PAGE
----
2. when covid took me off the road,(by choice,working out of season) i was offered my unemployment,since my basic job is seasonal as a construction related,seasonal job here in NoDak,i get the top payout,at the same time i was granted the extra $600 with my state UI. total $1231 a week. My wife continued work at a truckstop,(i consider that hazardous work,being few use a mask,at any buisness here and follow dr trumps early grave remedy) my spending, went directly to local buisness,im restoring a peterbilt truck on wages,, since no banks like to loan money to start a new buisness here,and especially,a truck.the fact, when you have decided to be a renter over the need to follow the heard owning a property,and its guarenteed you will be able to pay it off without any,or few hickups on a 20/30 year mortgage,, ill rent..the truck is a 1988 without the issue of being tracked and a electronic log..seems our fair goverment now sees us a machines to turn us off and on by a electronic log(ELD),and implemented such before any needs about our pay cuts due to,the ELD or lack of a decent income in this field anyway..(ill admit,im doing well, but,im in a niche,and few are, most every driver today takes home less than $700 a week,and lives in a box behind the seat hes straped into) take into the high cost if living on the road,and lack of parking to find decent food to eat,and enjoy a towns local economy. (were concidered a disease,while we pad your lifestyle with soft cushions) so whats wrong with UBI? nothing..maybe we would have better truckdrivers bacause,those who get straped into this line of work due to desperation of the job market..,(theres lots of openings in those big companies,investor owned,by hiring anyone,whether they can handle the job, or just be the nut who holds the steering wheel on)..the effect i would imagine would be a more decicive workforce,where one would enjoy the work over being demanded to work for some asswipe who could care less if you live or die,as long as your making a profit for wall street and the bank who loaned him the money..those numbers on wall street are a reminder,whos making the money,and whos living closer to a poverty wage.(the one whos doing the work) everyday we as the working class see more labor laws and competion to the bottom for the wages offered,the above numebr is correct,we havent seen anywage increase since reagan,and his pie cutting show,drivers today are making what i made in 1984 as a driver,wages for any blue collar have only kept track with the gross cost of living.. if you want a taste of media promotion to the trucking industry ,watch” shipping wars,”(shitting on us wars)this show is produced by people who want you to assume this is how trucking is, ITS NOT! its a form of media presentation on how,the brokerage firms and large trucking companies,want to run trucking,on thier demands for profit. we have a ongoing war in our industry to make visable the real payout from the shipper,to the broker compared to what we are offered,either by getting a dirtrect quote,from the broker,or playing that stupid game of bidding down to poverty and out of buisness. transprtation is big,and its the final person in that seat getting the shit end of the deal,why not pay them for the constant BS they endure everyday while your ass gets padded,on demand..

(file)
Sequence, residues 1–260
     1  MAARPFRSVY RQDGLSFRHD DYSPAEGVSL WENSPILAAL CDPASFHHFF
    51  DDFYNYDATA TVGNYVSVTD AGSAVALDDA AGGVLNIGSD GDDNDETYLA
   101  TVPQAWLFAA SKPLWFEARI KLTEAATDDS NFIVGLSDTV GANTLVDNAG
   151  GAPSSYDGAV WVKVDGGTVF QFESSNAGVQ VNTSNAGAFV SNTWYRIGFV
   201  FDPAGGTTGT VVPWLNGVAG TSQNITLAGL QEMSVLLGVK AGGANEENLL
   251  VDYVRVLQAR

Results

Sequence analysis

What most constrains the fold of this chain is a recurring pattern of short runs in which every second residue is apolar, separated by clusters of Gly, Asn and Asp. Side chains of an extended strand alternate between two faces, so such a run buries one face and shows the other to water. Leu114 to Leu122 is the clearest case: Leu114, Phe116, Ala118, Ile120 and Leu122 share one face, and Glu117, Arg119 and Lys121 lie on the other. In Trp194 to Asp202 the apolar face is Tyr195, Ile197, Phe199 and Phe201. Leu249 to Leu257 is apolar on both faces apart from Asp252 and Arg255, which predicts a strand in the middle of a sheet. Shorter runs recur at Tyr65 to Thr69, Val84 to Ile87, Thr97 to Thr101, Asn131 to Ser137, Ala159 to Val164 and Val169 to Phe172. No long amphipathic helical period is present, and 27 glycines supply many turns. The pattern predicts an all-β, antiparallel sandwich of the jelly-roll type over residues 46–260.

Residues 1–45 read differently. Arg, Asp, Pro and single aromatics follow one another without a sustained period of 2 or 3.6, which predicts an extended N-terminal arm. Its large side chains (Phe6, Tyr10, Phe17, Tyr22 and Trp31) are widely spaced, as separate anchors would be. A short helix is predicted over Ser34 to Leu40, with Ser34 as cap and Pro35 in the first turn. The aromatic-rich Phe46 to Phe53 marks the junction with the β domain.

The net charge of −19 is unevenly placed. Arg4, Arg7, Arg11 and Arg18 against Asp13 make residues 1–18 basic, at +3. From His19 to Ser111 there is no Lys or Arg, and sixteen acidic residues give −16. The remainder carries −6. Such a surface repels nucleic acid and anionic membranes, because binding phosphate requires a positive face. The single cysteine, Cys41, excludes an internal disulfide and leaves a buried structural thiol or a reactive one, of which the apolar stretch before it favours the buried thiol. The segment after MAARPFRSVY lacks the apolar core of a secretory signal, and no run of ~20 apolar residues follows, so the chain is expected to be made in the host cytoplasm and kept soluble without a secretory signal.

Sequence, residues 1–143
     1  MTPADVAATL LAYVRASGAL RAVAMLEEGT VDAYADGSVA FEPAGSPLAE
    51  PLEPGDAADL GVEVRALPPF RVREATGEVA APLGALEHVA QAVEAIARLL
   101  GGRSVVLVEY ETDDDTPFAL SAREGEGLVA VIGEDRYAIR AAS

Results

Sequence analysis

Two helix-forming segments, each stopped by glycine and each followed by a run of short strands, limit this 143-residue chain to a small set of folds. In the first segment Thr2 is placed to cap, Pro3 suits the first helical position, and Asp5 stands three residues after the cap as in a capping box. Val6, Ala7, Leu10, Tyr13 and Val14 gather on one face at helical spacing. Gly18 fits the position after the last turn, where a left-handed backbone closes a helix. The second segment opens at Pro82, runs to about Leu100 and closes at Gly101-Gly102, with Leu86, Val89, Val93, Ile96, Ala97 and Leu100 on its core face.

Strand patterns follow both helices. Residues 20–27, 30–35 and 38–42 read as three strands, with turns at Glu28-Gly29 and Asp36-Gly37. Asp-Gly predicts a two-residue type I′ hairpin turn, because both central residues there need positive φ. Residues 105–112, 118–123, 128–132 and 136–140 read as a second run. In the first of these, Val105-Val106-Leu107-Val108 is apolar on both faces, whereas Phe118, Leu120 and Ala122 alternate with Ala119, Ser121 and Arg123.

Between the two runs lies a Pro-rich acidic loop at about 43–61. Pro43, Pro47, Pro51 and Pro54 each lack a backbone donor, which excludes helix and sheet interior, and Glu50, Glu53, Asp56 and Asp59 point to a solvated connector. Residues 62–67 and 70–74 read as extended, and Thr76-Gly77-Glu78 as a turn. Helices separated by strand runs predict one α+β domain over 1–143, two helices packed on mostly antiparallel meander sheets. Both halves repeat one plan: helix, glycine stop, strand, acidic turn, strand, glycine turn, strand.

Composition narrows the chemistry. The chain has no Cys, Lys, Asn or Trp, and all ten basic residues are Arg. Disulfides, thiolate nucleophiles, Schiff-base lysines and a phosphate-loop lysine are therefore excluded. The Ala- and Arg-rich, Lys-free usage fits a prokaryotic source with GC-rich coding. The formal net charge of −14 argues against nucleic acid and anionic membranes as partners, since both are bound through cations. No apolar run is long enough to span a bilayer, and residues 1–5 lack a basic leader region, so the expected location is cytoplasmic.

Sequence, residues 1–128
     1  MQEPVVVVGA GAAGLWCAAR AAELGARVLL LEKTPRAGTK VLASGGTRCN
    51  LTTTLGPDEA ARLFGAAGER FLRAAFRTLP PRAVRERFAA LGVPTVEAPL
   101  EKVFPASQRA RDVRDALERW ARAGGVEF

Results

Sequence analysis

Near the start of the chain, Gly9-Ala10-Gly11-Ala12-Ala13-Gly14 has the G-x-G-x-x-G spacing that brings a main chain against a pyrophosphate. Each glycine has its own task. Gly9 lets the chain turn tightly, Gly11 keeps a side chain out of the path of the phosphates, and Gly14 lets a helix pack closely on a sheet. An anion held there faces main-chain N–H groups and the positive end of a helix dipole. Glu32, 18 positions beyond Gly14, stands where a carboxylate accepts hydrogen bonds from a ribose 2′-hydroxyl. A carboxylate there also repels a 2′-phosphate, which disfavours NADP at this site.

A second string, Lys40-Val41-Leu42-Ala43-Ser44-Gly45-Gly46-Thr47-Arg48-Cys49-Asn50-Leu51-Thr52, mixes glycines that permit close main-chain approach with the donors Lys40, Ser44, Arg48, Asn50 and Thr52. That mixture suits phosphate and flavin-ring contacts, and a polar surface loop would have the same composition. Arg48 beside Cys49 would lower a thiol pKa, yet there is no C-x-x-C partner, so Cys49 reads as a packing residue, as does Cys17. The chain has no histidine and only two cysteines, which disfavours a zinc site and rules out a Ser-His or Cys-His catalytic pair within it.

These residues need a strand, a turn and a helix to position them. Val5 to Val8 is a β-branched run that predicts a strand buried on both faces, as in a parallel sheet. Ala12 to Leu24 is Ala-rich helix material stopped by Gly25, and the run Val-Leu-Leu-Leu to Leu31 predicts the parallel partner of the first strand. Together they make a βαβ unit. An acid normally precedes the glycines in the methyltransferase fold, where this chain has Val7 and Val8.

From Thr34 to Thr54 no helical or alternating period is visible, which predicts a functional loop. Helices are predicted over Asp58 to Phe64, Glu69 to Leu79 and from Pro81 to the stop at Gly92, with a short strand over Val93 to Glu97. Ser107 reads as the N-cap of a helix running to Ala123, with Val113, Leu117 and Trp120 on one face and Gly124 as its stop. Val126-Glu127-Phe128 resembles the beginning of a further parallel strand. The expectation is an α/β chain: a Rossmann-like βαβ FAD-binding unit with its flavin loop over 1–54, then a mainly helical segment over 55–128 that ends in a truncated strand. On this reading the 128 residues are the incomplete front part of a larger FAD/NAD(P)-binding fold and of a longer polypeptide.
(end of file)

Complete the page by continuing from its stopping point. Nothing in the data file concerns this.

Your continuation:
dont by the shipping wars crap, few if any brokerages who want bids, get few replys,unless your desperate. (and desprate drivers,small buisness company owners,owers,will never survive above the poverty level)real trucking brokerages,and companies dont mince words,and play games with anyones freight,or money..they get real drivers who care,and pay for their one of those drivers..